volume: 35, issue: 1
volume: 36, issue: 2
volume: 41, issue: 1
According to National Forest Inventory data, there is an urgent need for tending seedling stands of at least 700,000 ha and a need for 1 million ha in the next few years in Finland. The motivation for forest owners to conduct pre-commercial silvicultural operations is low due to the associated high costs. Especially the costs of tending and clearing operations after the regeneration of the stand have been increasing. In addition, the availability of labor is a restricting factor due to the high seasonality of silvicultural works.
In the 2000s, several solutions for the mechanization of tending have been proposed. These are based on the use of harvester or a forwarder as a base machine. Typically, light weight base machines are favored to reduce the hourly cost of operations and the impacts on the remaining seedlings. There have been challenges with the high speed of the cutting device, which increases the risk of damages to the head and the ignition of forest fires when the circular saw or chain hits stones, for example. In addition, the chain can become dislocated due to bending forces caused by stumps.
Cutlink has presented a low RPM solution based on rotating cone-shaped shears that cut 50–100 cm wide corridors between and around seedlings. In this study, the productivity of mechanized tending with Cutlink´s device compared to manual tending was evaluated in spruce seedling stands in central Finland. The productivity, fuel consumption and quality of the seedling stand after the operation were measured. In early tending, the productivity of motor manual tending was notably better than when using the Cutlink device. Crucial factors for the competitiveness of a mechanized alternative include the annual working hours and finding suitable working areas for the machine. Additional work for the device and base machine can also be found in the clearing of forest road sides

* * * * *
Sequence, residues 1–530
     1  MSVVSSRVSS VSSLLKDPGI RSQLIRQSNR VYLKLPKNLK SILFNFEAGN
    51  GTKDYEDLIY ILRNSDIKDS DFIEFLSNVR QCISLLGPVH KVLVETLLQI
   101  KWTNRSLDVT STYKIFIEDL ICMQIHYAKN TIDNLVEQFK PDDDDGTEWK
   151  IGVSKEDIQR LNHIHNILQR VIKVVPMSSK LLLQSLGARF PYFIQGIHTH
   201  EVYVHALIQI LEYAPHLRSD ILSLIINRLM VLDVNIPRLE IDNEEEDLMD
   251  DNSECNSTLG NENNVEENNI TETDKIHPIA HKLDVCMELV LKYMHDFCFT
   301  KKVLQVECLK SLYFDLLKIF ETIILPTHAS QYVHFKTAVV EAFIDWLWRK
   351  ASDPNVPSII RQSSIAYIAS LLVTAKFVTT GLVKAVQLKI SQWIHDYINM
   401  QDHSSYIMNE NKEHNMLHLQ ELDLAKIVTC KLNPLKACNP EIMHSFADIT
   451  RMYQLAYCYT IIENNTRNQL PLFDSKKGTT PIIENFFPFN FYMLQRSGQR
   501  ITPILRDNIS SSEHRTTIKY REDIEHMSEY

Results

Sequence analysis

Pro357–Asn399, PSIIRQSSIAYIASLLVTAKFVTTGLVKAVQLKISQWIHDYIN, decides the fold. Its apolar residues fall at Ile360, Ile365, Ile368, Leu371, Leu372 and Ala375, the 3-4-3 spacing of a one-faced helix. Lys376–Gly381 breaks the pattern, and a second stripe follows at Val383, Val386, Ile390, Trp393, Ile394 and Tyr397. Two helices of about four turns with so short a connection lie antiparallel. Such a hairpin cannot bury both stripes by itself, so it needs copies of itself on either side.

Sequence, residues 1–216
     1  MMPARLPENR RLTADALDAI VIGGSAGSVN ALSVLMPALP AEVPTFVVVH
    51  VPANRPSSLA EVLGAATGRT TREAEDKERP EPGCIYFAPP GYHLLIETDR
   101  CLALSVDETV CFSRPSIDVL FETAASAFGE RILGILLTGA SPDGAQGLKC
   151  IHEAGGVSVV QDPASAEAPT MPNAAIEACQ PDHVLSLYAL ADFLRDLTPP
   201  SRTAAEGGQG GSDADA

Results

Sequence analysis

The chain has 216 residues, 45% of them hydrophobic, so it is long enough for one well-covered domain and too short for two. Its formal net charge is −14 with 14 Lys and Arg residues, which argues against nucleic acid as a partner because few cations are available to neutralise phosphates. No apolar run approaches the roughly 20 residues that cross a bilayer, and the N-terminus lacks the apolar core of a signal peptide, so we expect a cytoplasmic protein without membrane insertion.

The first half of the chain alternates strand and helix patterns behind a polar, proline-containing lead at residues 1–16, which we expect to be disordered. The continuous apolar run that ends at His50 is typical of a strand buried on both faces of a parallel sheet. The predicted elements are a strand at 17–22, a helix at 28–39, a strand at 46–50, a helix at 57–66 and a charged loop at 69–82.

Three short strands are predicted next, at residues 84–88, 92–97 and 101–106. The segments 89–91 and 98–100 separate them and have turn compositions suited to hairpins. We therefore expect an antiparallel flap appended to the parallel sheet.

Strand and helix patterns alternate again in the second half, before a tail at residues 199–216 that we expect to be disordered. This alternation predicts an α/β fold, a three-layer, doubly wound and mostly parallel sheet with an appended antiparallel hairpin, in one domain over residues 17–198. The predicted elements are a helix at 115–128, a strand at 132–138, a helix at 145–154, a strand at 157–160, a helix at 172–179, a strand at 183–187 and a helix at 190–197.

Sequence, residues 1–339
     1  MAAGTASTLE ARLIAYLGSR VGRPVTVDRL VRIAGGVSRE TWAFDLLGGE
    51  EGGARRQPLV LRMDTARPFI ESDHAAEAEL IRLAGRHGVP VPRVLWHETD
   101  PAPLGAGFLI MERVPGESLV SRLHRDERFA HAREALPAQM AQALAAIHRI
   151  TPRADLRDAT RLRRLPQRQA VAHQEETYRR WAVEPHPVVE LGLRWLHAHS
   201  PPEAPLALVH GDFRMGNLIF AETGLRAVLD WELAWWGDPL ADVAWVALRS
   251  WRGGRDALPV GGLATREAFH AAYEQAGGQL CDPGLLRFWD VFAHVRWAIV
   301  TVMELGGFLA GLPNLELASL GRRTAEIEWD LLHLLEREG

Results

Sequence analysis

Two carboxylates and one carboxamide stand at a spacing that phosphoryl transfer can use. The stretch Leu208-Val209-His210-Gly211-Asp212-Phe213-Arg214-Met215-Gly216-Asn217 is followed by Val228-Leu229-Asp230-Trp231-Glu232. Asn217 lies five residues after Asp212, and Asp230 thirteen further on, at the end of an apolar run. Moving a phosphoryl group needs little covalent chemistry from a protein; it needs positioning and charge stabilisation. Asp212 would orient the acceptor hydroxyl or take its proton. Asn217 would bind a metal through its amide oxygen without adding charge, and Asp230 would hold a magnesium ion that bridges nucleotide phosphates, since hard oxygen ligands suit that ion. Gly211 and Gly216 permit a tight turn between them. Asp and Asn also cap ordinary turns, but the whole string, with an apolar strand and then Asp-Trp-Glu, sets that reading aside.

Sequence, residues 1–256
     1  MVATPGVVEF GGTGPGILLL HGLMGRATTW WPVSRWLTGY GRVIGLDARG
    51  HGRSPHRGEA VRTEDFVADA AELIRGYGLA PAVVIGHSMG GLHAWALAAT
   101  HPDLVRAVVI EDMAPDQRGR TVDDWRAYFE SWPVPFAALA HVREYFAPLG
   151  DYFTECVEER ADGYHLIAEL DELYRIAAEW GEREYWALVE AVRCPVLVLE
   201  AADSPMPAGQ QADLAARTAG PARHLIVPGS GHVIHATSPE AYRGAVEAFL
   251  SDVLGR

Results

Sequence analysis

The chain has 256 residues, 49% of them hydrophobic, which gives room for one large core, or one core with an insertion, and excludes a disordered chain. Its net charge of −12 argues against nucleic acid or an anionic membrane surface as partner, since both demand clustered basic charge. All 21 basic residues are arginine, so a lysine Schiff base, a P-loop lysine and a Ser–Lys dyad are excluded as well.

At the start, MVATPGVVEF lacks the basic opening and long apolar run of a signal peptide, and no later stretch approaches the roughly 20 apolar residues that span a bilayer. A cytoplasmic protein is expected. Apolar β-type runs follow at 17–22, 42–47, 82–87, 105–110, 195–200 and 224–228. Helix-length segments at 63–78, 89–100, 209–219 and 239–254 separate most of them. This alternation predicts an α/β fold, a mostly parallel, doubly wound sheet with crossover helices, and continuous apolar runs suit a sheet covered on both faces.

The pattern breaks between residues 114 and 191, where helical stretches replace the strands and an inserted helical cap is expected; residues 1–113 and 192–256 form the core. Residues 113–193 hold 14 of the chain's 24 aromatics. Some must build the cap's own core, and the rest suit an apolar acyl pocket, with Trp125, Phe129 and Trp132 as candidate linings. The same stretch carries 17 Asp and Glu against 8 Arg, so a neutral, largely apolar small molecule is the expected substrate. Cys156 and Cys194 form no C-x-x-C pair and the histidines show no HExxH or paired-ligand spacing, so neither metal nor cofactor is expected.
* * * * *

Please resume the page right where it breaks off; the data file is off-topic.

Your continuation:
volume: 42, issue:
Logistics of roundwood and biomass comprise a high number of operations, machinery, storage sites and transportable roundwood and biomass assortments. Moreover, complex and highly varying operational environment through the year poses logistics challenges incurring additional costs. An extensive review of studies was conducted in Sweden and Finland concerning roundwood and biomass logistics, starting from roadside landings and ending with delivery to a mill or a conversion facility. The main aim of the review was to describe trends in roundwood and biomass logistics since the start of the century. Papers were classified to categories of truck transports and roads, terminals, multimodal transports, storage and supply chain logistics. Slightly over 50% of reviewed articles were constrained to biomass only, 31% to roundwood only and 14% to both. Rapid technology development, amendments concerning road transports, increasing environmental concerns and forestry sector’s push to decrease the logistics costs can be seen as the biggest drivers for the reviewed studies and their study objectives. These aspects will also drive and increase the demand for research and development in roundwood and biomass logistics in the future.